Chapter 3: How Markets Crowd Out Morals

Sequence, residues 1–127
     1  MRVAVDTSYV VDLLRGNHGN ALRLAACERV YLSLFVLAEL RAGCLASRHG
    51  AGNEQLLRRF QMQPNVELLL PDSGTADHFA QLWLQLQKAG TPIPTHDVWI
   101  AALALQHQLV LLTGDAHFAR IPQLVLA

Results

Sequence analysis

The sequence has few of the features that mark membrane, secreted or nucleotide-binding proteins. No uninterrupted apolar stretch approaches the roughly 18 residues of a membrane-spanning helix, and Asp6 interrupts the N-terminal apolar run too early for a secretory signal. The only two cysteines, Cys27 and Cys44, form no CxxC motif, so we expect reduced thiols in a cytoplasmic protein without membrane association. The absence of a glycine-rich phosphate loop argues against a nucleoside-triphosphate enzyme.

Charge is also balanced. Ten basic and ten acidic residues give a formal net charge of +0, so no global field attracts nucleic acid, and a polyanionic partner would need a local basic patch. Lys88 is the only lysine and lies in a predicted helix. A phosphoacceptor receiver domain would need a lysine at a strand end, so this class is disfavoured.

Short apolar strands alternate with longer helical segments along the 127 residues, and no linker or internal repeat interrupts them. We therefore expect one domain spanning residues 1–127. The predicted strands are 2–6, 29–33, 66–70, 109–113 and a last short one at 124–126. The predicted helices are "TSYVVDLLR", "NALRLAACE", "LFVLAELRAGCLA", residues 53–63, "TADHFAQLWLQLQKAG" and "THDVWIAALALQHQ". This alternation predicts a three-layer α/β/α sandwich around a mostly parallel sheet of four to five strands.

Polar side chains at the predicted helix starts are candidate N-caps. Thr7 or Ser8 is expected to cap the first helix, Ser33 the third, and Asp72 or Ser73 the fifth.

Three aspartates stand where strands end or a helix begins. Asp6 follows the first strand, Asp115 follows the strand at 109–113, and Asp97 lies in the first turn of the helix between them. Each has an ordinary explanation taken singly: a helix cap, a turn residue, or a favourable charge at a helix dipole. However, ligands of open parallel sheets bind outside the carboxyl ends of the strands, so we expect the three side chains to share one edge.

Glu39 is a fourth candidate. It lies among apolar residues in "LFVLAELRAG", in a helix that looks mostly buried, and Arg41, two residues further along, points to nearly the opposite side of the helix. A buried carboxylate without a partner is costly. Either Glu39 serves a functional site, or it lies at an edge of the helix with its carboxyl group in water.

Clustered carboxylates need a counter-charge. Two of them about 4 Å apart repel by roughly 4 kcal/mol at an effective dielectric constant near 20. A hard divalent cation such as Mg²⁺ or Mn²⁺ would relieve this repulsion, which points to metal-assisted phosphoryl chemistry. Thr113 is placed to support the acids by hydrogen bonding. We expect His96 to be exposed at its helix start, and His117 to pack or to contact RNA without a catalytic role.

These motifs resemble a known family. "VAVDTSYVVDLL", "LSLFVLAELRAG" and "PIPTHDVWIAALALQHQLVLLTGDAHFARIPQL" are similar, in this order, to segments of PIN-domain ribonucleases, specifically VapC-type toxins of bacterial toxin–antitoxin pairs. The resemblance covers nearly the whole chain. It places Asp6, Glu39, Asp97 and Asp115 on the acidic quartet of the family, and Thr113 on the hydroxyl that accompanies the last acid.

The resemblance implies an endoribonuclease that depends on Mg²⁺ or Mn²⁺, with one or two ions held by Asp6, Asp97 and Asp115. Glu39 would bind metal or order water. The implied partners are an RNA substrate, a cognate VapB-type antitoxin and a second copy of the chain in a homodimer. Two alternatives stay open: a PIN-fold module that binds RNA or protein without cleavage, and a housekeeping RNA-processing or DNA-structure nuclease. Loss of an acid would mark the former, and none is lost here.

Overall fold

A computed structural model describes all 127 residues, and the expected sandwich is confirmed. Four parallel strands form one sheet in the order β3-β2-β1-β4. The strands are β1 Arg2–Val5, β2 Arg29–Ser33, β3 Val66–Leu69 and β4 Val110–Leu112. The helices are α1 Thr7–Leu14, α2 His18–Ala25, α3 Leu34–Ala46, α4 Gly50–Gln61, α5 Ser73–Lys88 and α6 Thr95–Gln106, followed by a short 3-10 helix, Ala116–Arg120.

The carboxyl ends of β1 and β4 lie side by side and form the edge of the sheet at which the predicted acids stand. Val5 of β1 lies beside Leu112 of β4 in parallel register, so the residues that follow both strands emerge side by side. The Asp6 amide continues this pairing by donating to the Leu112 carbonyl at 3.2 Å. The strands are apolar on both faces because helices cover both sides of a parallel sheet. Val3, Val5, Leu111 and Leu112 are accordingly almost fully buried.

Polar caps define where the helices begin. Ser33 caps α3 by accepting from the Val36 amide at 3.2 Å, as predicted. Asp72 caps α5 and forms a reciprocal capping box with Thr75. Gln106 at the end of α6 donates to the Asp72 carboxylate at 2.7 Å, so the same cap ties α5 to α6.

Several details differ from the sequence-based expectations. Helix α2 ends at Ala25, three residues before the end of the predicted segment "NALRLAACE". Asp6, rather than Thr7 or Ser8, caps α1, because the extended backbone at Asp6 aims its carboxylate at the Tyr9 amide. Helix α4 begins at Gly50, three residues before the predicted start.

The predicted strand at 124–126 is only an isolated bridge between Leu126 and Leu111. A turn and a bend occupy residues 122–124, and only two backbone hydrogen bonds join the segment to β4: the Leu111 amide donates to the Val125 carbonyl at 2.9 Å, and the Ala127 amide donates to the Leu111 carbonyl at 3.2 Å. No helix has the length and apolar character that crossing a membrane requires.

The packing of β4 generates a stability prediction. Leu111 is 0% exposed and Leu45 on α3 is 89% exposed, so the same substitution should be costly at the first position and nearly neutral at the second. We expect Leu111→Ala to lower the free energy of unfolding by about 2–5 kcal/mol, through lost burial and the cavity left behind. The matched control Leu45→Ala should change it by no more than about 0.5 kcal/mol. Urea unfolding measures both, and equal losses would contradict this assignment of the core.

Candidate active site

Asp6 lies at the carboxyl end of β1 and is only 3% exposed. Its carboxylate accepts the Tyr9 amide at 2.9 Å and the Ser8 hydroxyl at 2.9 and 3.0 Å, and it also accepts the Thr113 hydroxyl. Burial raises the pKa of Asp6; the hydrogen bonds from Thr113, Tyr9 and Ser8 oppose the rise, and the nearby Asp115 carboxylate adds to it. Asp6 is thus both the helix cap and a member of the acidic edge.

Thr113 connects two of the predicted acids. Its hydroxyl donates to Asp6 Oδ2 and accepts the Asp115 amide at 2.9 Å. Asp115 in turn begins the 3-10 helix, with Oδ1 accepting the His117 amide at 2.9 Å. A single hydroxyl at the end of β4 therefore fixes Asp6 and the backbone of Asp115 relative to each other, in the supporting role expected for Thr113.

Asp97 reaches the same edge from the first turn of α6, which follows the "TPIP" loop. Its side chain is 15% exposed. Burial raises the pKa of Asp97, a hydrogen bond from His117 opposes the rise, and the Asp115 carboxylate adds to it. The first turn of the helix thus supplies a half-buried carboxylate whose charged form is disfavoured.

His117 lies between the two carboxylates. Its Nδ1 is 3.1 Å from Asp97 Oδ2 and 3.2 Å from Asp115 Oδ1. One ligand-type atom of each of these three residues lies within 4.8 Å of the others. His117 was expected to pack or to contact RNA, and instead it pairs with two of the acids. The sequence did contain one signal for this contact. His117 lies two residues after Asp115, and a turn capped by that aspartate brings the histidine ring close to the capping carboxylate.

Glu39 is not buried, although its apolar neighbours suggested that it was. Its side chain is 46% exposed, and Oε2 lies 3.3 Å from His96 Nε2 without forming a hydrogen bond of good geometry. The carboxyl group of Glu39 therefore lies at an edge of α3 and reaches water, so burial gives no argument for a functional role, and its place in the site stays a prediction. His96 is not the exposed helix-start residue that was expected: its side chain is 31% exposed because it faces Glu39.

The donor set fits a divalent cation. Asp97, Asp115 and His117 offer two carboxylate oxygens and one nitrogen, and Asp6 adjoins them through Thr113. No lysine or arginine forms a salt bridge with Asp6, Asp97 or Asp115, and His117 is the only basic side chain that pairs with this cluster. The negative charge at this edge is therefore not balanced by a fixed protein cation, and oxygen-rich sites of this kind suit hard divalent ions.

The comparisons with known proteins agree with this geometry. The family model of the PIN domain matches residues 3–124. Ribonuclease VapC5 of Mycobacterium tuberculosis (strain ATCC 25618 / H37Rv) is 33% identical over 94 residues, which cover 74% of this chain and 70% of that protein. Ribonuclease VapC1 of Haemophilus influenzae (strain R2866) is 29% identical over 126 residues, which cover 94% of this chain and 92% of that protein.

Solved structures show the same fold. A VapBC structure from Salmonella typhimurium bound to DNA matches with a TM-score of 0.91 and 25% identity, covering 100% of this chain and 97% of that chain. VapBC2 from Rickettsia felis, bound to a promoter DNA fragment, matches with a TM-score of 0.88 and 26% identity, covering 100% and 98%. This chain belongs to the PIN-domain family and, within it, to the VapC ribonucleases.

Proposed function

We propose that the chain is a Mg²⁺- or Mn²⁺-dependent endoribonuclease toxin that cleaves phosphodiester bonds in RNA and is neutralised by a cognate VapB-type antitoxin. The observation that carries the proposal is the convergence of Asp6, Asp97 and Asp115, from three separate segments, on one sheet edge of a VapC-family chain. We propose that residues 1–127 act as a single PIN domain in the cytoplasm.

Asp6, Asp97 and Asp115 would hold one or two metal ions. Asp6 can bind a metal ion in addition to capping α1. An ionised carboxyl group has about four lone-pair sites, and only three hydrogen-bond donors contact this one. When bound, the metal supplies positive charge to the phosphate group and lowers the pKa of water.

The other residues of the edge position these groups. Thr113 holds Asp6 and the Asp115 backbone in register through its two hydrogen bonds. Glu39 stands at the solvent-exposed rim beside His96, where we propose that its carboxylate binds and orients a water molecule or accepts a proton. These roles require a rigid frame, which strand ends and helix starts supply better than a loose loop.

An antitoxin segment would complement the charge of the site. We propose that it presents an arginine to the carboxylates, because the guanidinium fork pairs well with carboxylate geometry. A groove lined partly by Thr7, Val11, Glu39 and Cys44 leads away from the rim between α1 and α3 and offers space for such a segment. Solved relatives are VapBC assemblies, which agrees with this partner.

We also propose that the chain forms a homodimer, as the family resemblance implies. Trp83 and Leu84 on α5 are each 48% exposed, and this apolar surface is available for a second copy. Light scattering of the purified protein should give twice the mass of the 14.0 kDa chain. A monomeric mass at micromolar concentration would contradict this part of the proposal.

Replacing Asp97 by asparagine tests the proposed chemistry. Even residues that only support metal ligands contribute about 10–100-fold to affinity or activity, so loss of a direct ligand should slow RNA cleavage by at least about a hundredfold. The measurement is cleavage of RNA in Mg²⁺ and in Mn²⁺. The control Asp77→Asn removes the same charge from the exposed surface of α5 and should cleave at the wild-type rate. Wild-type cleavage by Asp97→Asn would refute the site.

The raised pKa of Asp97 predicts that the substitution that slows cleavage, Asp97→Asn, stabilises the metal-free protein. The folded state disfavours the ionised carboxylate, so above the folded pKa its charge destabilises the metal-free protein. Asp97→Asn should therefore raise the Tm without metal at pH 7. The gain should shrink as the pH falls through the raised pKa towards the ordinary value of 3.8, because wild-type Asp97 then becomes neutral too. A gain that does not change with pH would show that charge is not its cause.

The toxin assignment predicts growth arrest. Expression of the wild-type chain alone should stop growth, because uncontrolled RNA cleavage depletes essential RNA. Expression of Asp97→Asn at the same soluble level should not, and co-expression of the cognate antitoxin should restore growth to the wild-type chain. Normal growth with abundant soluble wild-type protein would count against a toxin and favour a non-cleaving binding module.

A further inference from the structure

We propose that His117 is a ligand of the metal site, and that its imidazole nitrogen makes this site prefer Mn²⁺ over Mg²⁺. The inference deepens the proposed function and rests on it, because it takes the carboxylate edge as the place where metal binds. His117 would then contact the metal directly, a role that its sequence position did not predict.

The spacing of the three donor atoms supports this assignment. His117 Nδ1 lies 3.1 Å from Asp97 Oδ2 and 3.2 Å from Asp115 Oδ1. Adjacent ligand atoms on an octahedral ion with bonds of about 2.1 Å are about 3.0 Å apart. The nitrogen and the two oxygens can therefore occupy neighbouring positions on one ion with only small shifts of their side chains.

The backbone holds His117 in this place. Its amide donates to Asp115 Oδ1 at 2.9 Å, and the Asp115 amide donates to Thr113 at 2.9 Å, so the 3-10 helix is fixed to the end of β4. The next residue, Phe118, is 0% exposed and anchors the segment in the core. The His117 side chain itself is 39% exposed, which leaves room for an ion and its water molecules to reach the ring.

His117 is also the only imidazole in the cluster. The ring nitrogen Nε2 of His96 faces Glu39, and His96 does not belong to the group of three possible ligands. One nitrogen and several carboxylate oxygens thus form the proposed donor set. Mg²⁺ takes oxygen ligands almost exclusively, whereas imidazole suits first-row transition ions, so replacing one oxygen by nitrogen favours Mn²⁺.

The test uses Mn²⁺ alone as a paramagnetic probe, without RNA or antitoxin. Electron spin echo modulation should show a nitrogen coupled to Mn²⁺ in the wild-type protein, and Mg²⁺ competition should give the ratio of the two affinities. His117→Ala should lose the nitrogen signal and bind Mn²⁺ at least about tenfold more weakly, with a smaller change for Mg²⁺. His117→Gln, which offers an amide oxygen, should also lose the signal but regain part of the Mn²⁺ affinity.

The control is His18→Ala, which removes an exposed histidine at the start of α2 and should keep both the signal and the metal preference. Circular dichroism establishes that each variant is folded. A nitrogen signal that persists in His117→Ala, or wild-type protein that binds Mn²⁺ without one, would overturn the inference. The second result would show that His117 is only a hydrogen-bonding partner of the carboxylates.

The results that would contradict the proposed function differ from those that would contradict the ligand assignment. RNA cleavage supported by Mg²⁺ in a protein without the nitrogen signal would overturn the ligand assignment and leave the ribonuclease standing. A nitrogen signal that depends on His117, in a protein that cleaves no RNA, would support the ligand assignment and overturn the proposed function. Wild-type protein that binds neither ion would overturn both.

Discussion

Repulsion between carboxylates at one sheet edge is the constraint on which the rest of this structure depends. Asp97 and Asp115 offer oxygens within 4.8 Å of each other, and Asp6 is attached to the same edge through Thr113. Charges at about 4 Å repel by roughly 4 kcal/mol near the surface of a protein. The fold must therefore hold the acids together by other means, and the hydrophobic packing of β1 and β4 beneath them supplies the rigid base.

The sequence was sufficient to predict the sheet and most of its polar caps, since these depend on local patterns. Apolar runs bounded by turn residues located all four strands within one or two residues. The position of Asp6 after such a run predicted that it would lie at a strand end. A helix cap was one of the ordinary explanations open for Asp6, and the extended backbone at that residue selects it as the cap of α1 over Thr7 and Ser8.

"[Two Objections to Markets] The fairness objection points to the injustice that can arise when people buy and sell things under conditions of inequality or dire economic necessity. (...) The corruption objection is different. It points to the degrading effect of market valuation and exchange on certain goods and practices. According to this objection, certain moral and civic goods are diminished or corrupted if bought and sold. (...) The fairness and corruption objections differ in their implications for markets: The fairness argument does not object to marketizing certain goods on the grounds that they are precious or sacred or priceless; it objects to buying and selling goods against a background of inequality severe enough to create unfair bargaining conditions. It offers no basis for objecting to the commodification of goods (...) in a society whose background conditions are fair. The corruption argument, by contrast, focuses on the character of the goods themselves and the norms that should govern them. So it cannot be met simply by establishing fair bargaining conditions. Even in a society without unjust differences of power and wealth, there would still be things that money should not buy. This is because markets are not mere mechanisms; they embody certain values. And sometimes, market values crowd out nonmarket norms worth caring about."